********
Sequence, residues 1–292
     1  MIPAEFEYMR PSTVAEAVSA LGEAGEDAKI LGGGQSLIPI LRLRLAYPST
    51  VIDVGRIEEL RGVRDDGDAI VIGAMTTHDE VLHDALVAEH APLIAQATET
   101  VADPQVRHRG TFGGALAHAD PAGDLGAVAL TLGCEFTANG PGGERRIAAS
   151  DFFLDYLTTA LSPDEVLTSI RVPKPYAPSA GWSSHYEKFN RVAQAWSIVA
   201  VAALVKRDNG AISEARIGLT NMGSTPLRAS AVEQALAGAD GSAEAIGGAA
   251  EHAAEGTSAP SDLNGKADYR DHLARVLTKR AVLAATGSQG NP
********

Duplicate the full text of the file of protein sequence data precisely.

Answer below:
Sequence, residues 1–292
     1  MIPAEFEYMR PSTVAEAVSA LGEAGEDAKI LGGGQSLIPI LRLRLAYPST
    51  VIDVGRIEEL RGVRDDGDAI VIGAMTTHDE VLHDALVAEH APLIAQATET
   101  VADPQVRHRG TFGGALAHAD PAGDLGAVAL TLGCEFTANG PGGERRIAAS
   151  DFFLDYLTTA LSPDEVLTSI RVPKPYAPSA GWSSHYEKFN RVAQAWSIVA
   201  VAALVKRDNG AISEARIGLT NMGSTPLRAS AVEQALAGAD GSAEAIGGAA
   251  EHAAEGTSAP SDLNGKADYR DHLARVLTKR AVLAATGSQG NP